And you know, the principle that THIRST works on is that we’re not about blaming any player within the within the tea value chain. We’re not blaming producers for how they treat their workers. We’re not blaming brands and retailers for how they do their purchasing practices. But we just want to understand, we want to understand how it all works, where the levers for change may be, how the current situation might be driving some of the problems that are undeniably there in the tea sector, and what could be done by those players to address those problems.

    Aravinda: And, as you said, there’s little available literature on small tea growers. Given the changing models, how will you approach Phase 2 given the differences in how large estates, small tea growers, bought-leaf factories, etc., operate?

    Sabita: Yes, you’re right. The tea sector is very complex, at that production level, at every level, but the focus of this survey, we had to be very clear about whom we were targeting. And the issues for small-scale farmers, bought-leaf factories, and tea estates are very different, so it wouldn’t work to try to cover them all in one survey. So, we are targeting this survey at large tea estates; we intend to do surveys on factory workers and small-scale tea producers at some time int he future. But currently, we’re using the Indian government’s definition of a larger estate of five hectares or more and employing over 15 people to emphasize that this survey is not exclusively for India; it’s for any country where tea is being produced. So, all tea producers who meet those criteria are invited and encouraged to participate in the survey.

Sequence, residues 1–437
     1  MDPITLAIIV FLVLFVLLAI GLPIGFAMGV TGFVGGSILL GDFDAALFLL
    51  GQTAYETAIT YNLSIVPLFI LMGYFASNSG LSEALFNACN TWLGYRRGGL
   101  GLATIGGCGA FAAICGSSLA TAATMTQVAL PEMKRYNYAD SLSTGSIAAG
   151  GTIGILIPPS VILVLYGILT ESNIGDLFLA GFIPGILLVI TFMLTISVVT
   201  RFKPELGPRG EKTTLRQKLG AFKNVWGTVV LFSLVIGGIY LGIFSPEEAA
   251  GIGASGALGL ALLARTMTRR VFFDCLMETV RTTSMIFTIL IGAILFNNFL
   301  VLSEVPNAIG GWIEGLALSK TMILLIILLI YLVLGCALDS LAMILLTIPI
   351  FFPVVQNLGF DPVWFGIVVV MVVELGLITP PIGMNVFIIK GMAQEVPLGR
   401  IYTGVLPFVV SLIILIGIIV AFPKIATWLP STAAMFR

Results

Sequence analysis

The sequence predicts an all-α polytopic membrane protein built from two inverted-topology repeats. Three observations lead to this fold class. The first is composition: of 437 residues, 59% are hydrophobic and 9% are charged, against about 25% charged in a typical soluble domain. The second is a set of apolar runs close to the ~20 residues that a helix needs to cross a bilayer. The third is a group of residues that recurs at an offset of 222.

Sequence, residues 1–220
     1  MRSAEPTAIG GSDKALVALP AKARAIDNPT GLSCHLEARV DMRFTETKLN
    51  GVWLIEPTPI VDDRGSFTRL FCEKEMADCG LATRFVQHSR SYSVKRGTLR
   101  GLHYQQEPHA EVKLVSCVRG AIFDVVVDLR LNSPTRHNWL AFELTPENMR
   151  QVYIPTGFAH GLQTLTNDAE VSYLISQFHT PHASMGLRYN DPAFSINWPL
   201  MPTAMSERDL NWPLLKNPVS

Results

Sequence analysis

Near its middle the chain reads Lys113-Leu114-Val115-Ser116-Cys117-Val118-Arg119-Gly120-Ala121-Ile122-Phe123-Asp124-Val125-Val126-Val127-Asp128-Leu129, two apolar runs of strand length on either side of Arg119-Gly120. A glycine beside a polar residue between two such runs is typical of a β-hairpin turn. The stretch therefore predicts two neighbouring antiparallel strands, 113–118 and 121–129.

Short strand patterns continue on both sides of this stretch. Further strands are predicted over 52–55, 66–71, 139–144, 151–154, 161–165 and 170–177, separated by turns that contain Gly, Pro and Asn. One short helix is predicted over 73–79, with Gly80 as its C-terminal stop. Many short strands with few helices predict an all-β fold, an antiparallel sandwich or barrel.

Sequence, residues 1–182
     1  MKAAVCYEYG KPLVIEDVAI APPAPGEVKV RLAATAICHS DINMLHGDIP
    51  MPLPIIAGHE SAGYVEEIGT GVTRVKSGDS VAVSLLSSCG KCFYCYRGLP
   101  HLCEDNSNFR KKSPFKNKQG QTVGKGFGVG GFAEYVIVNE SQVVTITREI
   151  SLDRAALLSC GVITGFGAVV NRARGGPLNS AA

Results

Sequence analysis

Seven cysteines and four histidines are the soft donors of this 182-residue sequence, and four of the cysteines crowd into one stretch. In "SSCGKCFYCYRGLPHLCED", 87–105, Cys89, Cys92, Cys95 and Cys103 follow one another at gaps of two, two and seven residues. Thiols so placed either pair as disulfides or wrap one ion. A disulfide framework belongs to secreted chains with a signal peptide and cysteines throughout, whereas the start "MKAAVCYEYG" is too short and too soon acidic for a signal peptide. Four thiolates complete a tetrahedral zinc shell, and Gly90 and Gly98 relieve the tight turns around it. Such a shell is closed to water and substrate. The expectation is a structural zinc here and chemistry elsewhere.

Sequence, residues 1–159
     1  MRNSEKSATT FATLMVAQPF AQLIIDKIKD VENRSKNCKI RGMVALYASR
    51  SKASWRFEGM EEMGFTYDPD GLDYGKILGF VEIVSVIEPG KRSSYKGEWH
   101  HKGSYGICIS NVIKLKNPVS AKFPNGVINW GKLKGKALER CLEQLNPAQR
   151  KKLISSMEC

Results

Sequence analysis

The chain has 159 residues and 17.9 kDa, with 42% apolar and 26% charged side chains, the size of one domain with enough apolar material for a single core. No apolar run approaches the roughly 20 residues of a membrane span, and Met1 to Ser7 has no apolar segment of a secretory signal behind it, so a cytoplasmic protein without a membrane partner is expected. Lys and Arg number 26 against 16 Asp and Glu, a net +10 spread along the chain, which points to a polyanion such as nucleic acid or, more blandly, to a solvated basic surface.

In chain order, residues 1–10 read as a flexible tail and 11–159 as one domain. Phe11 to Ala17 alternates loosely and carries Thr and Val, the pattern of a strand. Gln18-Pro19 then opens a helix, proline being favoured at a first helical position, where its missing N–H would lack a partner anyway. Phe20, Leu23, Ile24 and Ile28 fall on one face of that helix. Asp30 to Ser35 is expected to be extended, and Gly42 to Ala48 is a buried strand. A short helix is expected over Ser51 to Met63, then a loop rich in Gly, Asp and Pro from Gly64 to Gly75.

Aravinda: What are the challenges you foresee?